Telangana government plans land titling for less disputes

Chief Minister K. Chandrasekhar Rao had outlined the conclusive land titling system he wanted to introduce and explained its advantages.

Hyderabad: The Telangana state government is working towards removing the kinks in the land titling system after observing the difficulties that Maharashtra and Rajasthan have faced in attempting to introduce the system.

The demand is for a workable, inclusive and evolving system of land titling and land records which will allow land markets to function effectively, reduce judicial burden and improve the targeting of welfare schemes.

Chief Minister K. Chandrasekhar Rao had outlined the conclusive land titling system he wanted to introduce and explained its advantages.

According to the CM, the main advantage of the system is that it guarantees title to the owner. Civil disputes in courts are likely to reduce drastically and ownership of various properties will be guaranteed. The officers of record keeping offices will issue online certificates of property title that will certify the ownership rights to the extent of share percentage.

Chief Minister K. Chandrasekhar Rao explained that after issuing the conclusive title if any dispute arises and the title proves to be wrong, then the state government will compensate the concerned title owner.

During the UPA II regime, the Centre had drafted the Model Land Titling Bill, 2011, but it did not become law and the then Union minister for rural development in discussions on the Bill had said that “the process will be painful and there are vested interests preventing this”.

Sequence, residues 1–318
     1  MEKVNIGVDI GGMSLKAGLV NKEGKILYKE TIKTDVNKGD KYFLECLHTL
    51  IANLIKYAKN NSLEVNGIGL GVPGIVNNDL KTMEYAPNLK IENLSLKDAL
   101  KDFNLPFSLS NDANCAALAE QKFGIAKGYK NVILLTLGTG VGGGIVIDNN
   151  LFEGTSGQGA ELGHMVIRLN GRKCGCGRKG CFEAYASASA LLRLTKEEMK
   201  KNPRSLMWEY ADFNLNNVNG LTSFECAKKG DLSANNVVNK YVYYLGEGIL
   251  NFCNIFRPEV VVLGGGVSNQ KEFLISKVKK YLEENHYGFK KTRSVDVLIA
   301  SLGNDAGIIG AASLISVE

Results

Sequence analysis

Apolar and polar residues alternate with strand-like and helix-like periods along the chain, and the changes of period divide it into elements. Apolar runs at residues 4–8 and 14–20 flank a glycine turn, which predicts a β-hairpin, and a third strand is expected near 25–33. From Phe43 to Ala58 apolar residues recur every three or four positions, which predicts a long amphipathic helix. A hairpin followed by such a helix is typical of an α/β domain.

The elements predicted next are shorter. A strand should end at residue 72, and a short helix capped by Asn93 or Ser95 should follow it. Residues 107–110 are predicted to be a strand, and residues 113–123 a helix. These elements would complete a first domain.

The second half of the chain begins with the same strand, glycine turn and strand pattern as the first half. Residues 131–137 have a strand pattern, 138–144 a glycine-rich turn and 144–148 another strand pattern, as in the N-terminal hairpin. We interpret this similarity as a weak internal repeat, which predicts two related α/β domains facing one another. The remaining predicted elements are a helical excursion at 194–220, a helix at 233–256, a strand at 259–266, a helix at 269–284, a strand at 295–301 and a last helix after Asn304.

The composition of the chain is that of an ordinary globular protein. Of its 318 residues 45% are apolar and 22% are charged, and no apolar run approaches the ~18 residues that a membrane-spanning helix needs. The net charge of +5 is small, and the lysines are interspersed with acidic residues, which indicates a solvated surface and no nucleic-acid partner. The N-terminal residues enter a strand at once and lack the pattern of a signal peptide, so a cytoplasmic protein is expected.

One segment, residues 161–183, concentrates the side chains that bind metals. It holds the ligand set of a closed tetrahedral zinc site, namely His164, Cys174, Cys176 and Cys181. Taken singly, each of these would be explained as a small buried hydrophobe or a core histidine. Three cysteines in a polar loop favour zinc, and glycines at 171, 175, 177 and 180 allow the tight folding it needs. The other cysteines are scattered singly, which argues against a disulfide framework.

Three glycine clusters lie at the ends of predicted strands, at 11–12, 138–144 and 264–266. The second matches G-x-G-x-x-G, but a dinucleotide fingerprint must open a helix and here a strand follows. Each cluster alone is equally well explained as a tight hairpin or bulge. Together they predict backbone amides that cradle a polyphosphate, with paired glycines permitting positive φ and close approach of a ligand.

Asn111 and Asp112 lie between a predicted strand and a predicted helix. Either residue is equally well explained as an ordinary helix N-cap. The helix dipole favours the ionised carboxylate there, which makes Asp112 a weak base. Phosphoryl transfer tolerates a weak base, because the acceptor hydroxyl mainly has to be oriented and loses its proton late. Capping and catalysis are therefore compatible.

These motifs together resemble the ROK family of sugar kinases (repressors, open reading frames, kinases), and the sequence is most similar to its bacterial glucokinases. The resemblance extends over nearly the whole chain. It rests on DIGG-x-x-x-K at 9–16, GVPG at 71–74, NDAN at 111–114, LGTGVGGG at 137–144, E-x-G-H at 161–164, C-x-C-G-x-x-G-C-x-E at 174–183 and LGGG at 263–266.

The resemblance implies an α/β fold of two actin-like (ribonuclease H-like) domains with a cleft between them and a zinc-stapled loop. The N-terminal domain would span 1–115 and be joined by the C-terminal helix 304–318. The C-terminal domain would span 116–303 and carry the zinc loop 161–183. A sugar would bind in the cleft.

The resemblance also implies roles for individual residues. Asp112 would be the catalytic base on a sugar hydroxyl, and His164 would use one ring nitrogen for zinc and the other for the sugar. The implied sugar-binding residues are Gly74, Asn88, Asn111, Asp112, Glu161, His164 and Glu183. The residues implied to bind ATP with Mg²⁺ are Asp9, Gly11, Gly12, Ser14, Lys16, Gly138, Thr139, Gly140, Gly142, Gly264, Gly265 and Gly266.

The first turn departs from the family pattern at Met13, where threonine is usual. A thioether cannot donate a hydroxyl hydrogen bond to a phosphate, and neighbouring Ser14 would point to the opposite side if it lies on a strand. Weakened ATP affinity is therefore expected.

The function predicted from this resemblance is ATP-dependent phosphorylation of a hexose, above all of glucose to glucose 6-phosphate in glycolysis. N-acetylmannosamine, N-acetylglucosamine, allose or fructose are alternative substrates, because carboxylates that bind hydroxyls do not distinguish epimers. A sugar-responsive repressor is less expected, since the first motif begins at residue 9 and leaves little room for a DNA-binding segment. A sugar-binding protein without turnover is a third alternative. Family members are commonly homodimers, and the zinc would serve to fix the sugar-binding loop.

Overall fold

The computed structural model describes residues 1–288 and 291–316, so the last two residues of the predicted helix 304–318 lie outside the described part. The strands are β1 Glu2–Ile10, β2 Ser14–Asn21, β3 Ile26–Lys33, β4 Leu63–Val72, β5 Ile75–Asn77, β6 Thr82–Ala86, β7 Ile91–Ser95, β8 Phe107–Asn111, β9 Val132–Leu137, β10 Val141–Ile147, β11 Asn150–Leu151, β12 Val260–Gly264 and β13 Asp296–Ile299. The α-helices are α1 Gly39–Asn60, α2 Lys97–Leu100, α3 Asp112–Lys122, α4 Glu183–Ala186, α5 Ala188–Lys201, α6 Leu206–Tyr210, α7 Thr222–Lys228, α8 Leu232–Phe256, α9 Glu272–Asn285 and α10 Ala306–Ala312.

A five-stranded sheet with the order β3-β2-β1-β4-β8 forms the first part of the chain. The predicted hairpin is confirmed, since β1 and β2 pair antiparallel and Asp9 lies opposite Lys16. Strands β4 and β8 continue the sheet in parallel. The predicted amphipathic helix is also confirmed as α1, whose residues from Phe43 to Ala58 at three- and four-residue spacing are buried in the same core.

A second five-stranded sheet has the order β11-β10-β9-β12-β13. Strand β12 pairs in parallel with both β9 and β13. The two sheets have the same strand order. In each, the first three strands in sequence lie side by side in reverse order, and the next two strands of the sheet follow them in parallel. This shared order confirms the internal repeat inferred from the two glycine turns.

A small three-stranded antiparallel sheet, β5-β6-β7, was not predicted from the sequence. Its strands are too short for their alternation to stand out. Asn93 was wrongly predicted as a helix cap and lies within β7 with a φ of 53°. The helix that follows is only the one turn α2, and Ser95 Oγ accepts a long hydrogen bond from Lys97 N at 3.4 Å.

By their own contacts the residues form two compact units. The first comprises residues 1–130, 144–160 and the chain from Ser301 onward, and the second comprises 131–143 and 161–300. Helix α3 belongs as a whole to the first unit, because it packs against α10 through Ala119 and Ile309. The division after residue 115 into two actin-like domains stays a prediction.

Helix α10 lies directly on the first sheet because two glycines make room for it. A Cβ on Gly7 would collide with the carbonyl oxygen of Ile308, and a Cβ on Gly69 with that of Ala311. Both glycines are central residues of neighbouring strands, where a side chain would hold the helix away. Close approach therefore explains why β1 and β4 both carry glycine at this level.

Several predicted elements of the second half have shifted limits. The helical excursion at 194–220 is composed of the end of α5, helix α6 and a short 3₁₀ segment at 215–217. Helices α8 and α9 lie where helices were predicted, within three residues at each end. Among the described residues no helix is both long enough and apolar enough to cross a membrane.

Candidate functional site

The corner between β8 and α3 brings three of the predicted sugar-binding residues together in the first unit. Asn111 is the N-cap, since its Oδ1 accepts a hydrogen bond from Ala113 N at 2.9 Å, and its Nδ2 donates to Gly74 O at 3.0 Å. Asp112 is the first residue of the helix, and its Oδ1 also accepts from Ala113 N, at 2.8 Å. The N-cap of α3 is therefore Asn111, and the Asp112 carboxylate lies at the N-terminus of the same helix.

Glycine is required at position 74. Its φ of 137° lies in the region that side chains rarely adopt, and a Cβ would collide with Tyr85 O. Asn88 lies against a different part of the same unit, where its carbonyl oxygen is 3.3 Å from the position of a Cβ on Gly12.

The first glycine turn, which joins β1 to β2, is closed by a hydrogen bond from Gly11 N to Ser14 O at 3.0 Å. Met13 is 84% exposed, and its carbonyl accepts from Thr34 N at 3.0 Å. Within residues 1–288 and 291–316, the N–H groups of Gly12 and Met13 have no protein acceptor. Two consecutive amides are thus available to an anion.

The attempts of the Rajasthan government to introduce the Rajasthan Urban Land (Certification of Titles) Bill, 2016, have not been successful because the Bill is riddled with inadequacies and falls short of requirements to address the real issues.

Though Maharashtra has done better in addressing the problem of conclusive titling by bringing an amendment to the Maharashtra Land Revenue Code, 1966, in 2015, it also has not materialised so far.

The attempt of the administration of Chandigarh Union Territory in the year 2016 also is still on the cards.

Given this backdrop, legal experts say that the state government has to be very cautious in bringing in conclusive land titling as it requires initial surveying of the entire lands in the state, identifying the owners, and making entries in the revenue records of land parcels.

Former special government pleader N. Sridhar Reddy, who dealt with revenue matters in the High Court, says: “If the government introduces a foolproof system after completing the required initial exercise, it will certainly reduce litigation and lessen the burden on the judiciary and also will be helpful in reaching welfare benefits to the people.”

He added that “we cannot rule out possibilities of litigation arising at every stage, right from the survey to making entries into records to introduce the land titling system. If the government is not cautious at every stage, it will give scope for the land mafia”.

He said without making foolproof arrangements for the introduction of the system, it would only be a burden on the state exchequer.

Ms B. Rachna Reddy, a High Court lawyer. felt that the conclusive titling system would create a parallel revenue system.

She pointed out that as of now, the civil court is the competent authority to declare the actual title owner of the land parcel which is in subject and revenue authorities are to assist the court whenever a dispute arises by providing the relevant documents of both parties which are disputing the piece of land.

According to her, what is needed is streamlining of the existing revenue system instead of doing away with it. Introducing other agencies into land matters would lead to further litigation, she held.

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